‘If humanity is made for the knowledge of God, why is it that many people do not feel the need of this knowledge, or seek God out?’
What Iâ€™m wrestling with at the moment is why that one thing doesnâ€™t seem so self evident most of the time.[humanity is made for the knowledge of God] Perhaps I am suppressing the truth by my wickedness. Perhaps thatâ€™s really the essence of sinâ€”not really believing that and acting accordingly. I guess it is then in my own sinful self-interest to avoid that particular piece of knowledge.
I know a couple of my friends are wandering away from the faith at the moment, because they donâ€™t really see why they need God. Knowing that our primary function and greatest good is knowing him is completely opaque to them. Deep down they donâ€™t really believe that theyâ€™re all that bad, and for the most part theyâ€™re happy in their comfortable middle-class, tertiary educated lives. How do I show them that our rebellion is horrifying, evil, disgustingâ€“not just intellectually credible? And how do I do it with humility and gentleness?
There are a lot of questions here, but I want to think about the final one first. How do we show our friends, and the lost world at large, the enormity of the evil and ugliness resulting from the Fall?
I’d be tempted to talk about the homeless couple who sleep outside our door. We talk to them (Emma more than me), we keep the Church toilet open, we try to connect them with the various refuges and drop-in centres around the city. Every night when I get up to go to the toilet in the night I can hear them coughing downstairs. Every time I think about it I’m ashamed, and guilty, and frustrated. There is very little I can do but I know that the world shouldn’t be this way. People aren’t meant to live like that. Something went wrong somewhere. And it’s the height of ugliness and arrogance to think, ‘my life’s ok’, when other people sleep on doorsteps. All our lives are somehow not ok when people live like that.
But I doubt that’s the right way to approach the question with a friend. If I was that friend it would either drive me into guilt and self-sacrifice to try to make things better, or it would just make me angry with God and avoid my own responsibility.
For the same reason, though the ugliness and evil of human rebellion is blatantly evident in every edition of every newspaper (and even more evident in the Daily Telegraph) This evidence, or any recitation of the litany of pain that is everywhere being uttered in our world, is unlikely to convince someone who doesn’t already see it through the knowledge of Christ.
We could point to the hidden ugliness within each individual, the secret shame that we bury deep down, and which are still there even for comfortable, educated, middle-class Australians. No one ever goes through life without standing in front of the mirror and thinking ‘failure’. At least no one you could even begin a conversation with.
But we would run into more problems. What right have I to point out the failures of someone else and tell them to repent before God. I know well enough the ugliness inside me. If it is a friend I’m talking with, they probably know my inside ugliness as well. I’d only end up sounding like a pompous hypocrite. Or they would hear and despair; or hear and try to work harder; or hear and think that in the end the good and the bad in them will probably balance out.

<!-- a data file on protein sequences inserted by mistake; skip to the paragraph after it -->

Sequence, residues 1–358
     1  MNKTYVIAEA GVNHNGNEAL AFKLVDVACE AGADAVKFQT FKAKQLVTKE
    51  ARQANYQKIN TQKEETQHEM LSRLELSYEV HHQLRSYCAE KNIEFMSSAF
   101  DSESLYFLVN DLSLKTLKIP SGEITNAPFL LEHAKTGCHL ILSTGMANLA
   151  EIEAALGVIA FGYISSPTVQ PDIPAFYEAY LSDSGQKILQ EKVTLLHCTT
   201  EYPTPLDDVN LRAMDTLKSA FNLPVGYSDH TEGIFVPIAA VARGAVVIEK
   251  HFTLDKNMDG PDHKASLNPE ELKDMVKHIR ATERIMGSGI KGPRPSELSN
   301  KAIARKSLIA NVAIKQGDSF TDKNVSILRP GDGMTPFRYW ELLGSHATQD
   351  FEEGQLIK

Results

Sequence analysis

But the reality is, the last thing we’d do is turn to God for an answer.
Maybe if we were to wait for the right moment? I’ve heard Christians express this thought plenty of times, I’ve probably said something like it myself. If we wait, maintaining our friendship and witness until that moment comes when the fiction slips and breaks down. Maybe standing beside a grave the ugliness and evil of the world will become apparent.
But lots and lots and lots and lots of people stand beside graves and look bleakly at the ruin of a world, but not many look to God, even when they have Christian friends beside them.
C.S. Lewis gave us an image in the Narnia Chronicles which expresses the tragedy very well. It’s the Dwarves in The Last Battle who are thrown into a smelly old stable and find themselves in Aslan’s Land. But they’ve told themselves so firmly and so long that they have been thrown into a stable that they are unable to see anything else. The evidence is all around them but they interpret everything through the grid of what they believe should be there – seeing a great banquet as donkey slops.
We read the facts and evidence that is presented to us in the world through an interpretive framework which shapes all these things into a story. A story that explains what is wrong, how it could be fixed, and where we fit in. But if you have the wrong framework, if you are telling yourself the wrong story, no amount of evidence will change what you see. You will simply read it into the shape of what you already know. (this is the point at which the post-modern critique is so profound).
As Christians however we know (there’s that word) that the world has a real, true story. There is a correct interpretation but it can never be arrived at through deduction (adding up 1+1=2) or induction (gathering evidence), the key to truly understanding the story only comes through revelation. Revelation is the foundation of Christian knowledge, and the foundational form of all knowledge.
The truth is that the knowledge of Christ in the gospel interprets our world for us, just as it interprets the Bible for us. Christ is the wisdom from God through which we learn to see the world; through which the events of experience are given coherence and relationship, to form a story.
Without knowing Christ, there is no true knowledge of the world.
But that fundamental question keeps drawing me back. How do we not know what we are made to know?